Chinese President Xi Jinping insisted: "No cyber-security means no national security."
In March 2016, an editorial published in the Global Times (China) said that the US Justice Department issued a statement on a Chinese named Su Jeong who had confessed to break into the computer system of many US defense contractors to steal technical documents related to the modern aircraft such as fighter aircraft F-22, F-35 and heavy transport aircraft C-17.
This is just one of the cases in which China was alleged to launch attack on the security system of the United States. Earlier, China had been also suspects to organize a major attack on the US Office of Personnel Management (OPM). The attack stole 5.6 million fingerprints in security records, which if are enclosed with the social security numbers and home addresses, will be equal to more than 21 million people to be affected.
China is considered the cyber superpower although its views, policies and security forces are still a mystery.
As a change to adapt to the flat world, recently Beijing has publicly used the cyberspace to express more its opinions, especially in the territorial sovereignty issue. President Xi Jinping once publicly asserted: "No network security is no national security." He said this at the founding conference of the central team on cybersecurity and information security in Beijing on February 27th 2014.
Moreover, the country identified that cybersecurity ranks third in the four critical security domains. This position is only after maritime security, aerospace security and before nuclear energy security.
The cyberwar around the East Sea
China has used the cyberspace as a tool to achieve goals in the real world. The ambition of China has contributed to increasing tension both on the cyberspace and on the field.
Beijing has used technology in conjunction with diplomacy for achieving its ambitious goals. This is the opinion of Anni Piiparinen, Assistant to the Cyber Statecraft Initiative Program at the Brent Scowcroft Center for International Security of the Institute of Atlantic Council.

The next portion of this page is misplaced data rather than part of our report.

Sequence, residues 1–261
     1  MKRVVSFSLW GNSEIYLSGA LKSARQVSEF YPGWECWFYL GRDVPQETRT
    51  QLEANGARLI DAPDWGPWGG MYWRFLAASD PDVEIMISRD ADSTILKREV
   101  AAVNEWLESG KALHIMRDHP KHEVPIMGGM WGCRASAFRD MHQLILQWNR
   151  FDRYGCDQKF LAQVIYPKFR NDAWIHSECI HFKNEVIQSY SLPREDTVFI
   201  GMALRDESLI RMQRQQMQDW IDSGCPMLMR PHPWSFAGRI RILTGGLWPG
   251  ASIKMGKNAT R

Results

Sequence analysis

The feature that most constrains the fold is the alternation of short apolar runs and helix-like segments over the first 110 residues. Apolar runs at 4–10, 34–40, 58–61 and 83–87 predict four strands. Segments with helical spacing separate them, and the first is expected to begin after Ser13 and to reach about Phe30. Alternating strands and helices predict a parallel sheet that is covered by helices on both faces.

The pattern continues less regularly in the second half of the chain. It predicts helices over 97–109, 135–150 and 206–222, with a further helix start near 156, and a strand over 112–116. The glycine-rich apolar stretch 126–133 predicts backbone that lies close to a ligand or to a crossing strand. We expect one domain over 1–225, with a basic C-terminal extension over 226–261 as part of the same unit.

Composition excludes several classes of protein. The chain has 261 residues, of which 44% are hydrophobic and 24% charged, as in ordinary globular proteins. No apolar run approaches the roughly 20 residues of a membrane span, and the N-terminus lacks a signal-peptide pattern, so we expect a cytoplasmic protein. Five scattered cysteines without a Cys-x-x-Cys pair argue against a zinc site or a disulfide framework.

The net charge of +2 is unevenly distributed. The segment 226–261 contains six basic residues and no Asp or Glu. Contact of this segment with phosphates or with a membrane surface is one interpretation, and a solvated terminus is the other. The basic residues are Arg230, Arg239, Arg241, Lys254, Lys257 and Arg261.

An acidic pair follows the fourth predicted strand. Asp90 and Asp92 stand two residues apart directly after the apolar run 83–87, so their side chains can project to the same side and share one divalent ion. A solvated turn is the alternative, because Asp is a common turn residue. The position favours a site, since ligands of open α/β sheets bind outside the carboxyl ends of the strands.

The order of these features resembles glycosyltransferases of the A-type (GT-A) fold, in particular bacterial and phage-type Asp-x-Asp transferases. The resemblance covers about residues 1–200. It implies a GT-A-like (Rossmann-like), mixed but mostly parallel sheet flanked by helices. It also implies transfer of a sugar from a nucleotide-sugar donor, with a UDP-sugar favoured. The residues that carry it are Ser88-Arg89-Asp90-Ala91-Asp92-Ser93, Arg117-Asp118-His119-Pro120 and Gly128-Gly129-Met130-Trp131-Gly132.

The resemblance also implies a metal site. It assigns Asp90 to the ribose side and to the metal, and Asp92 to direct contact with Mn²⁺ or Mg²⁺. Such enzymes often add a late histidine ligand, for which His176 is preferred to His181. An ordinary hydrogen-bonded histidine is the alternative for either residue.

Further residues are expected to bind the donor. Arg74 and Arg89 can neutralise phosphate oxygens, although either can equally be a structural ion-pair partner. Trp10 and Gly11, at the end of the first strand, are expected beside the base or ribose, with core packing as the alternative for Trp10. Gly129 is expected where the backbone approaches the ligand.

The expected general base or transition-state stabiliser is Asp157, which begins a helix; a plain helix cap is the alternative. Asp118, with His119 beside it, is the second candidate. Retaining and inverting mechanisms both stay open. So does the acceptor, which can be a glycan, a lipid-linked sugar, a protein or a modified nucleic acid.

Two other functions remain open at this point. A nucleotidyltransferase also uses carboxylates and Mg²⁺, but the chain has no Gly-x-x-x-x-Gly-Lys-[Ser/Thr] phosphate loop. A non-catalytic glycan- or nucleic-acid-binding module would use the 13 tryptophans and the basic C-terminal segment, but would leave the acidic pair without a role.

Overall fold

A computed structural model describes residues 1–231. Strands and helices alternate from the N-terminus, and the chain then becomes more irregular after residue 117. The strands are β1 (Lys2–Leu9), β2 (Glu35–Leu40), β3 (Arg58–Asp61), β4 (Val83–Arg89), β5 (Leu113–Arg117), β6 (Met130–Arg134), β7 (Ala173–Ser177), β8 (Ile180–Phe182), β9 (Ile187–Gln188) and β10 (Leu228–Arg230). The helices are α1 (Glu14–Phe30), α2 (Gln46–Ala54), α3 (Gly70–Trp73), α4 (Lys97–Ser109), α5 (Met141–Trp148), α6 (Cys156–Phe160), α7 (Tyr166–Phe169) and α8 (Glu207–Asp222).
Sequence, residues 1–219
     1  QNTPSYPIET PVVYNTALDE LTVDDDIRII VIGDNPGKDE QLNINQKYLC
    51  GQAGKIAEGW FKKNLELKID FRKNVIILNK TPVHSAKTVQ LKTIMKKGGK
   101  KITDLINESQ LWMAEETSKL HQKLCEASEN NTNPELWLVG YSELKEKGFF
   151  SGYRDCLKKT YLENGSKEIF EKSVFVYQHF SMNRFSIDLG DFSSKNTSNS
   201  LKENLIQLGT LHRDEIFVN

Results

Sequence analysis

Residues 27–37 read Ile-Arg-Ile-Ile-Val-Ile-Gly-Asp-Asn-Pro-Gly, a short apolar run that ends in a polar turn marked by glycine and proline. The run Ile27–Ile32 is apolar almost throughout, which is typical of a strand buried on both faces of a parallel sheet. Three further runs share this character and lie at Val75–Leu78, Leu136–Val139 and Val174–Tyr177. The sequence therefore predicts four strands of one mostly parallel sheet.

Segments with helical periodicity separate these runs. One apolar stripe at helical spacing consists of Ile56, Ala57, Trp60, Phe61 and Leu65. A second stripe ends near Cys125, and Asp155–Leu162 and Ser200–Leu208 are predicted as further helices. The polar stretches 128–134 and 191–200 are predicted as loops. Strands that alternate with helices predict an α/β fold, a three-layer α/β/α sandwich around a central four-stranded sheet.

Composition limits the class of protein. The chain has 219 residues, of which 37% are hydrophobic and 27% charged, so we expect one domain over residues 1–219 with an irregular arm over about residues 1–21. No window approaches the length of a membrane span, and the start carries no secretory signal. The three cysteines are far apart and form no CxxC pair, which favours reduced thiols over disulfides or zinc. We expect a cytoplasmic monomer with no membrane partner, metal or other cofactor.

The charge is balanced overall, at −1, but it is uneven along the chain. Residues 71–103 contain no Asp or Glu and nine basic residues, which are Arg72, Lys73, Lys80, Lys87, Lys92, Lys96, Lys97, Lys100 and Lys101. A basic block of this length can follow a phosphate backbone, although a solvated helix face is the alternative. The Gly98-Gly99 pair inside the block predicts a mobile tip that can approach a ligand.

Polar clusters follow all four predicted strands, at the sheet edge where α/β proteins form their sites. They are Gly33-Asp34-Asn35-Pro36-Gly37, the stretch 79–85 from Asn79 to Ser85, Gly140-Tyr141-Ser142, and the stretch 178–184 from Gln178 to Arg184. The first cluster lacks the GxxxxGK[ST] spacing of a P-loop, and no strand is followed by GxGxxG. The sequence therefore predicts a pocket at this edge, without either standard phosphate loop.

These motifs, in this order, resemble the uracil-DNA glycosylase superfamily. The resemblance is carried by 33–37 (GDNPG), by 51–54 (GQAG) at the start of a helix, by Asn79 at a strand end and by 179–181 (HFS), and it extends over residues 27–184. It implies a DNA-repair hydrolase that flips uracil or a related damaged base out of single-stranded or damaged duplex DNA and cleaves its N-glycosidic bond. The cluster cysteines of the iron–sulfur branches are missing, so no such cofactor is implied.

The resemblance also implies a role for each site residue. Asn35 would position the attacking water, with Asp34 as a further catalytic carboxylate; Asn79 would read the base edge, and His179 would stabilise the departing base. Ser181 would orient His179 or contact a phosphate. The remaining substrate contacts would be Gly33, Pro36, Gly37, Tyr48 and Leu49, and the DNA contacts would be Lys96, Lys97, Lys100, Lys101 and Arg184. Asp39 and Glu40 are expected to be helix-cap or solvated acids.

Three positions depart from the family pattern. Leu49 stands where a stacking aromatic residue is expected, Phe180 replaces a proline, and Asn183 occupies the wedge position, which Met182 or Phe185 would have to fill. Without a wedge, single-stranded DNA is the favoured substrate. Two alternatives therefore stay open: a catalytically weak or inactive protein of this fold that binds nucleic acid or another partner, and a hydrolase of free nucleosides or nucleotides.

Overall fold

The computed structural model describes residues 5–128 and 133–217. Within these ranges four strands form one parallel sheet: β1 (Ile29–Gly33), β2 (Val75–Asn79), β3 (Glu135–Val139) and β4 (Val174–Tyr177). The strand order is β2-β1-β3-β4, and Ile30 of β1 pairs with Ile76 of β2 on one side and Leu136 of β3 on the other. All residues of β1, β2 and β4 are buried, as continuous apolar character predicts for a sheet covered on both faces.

He said that China has used the cyberspace to contribute to the consolidation of their claims over the Spratlys Islands, including the reinforcing and building the airport system on the disputed reefs in the East Sea.
The evidence is that Chinese companies operating in the cyberspace sought to infiltrate into information systems of governments, civil and military organizations of many countries.
Specifically, in April 2012, Chinese patrol boats moored in the waters near Scarborough where the Philippines claims sovereignty over. After a tense confrontation, the Philippines had to withdraw its vessel. At the same time, hackers from both parties launched attacks to government websites, the media and universities of each others. A Chinese network unit successfully penetrated into the information network of the government and the military of the Philippine to steal military documents, internal information, and other sensitive documents related to the dispute.
China’s consolidation of artificial islands and the preliminary decision of the court of arbitration on the legal records of the Philippines against China shows that the tensions in the East Sea will continue to rise. And these conflicts will not only happen in the real world but will certainly take place in cyberspace.
In an article on The Diplomat, Anni Piiparinen warned that firmly network security is very important for the ability to protect national information security in the current sensitive context. Also in this article, he commented that cybersecurity of some ASEAN countries is still not strong enough.
With these warnings, Piiparinen suggested that ASEAN countries should pay special attention to the urgency of cyberspace, particularly in concerns to the East Sea dispute. Therefore, governments should reinforce resources for development of modern network defence architectures.
ASEAN should also promote a common mechanism on cybersecurity in order to minimize network threats from China, thereby building a data system, regularly sharing information, under the direction of the ASEAN Secretariat or operating independently as an ASEAN-CERT CERT under the auspices of the Asia-Pacific CERT.
In addition, the ASEAN Regional Forum (ARF), which also involves China, should cooperate to issue a code of conduct and building trust in cyberspace, promoting transparency and exerting the efforts for the entire region.
The Boston Global Forum chaired by Professor Michael Dukakis, former US President candidate, Mr. Nguyen Anh Tuan and Prof. Joseph Nye, Prof. Jose Barroso (former European Union Chairman, Former Prime Minister of Portugal), and other professors at the leading universities as Harvard, MIT, Princeton, UCLA, Brown, has launched a program of cooperation with the Japanese government to develop the "anti-cyberterrorism initiative" for the G7 summit through dialogues with leading experts in the field of cybersecurity in the world.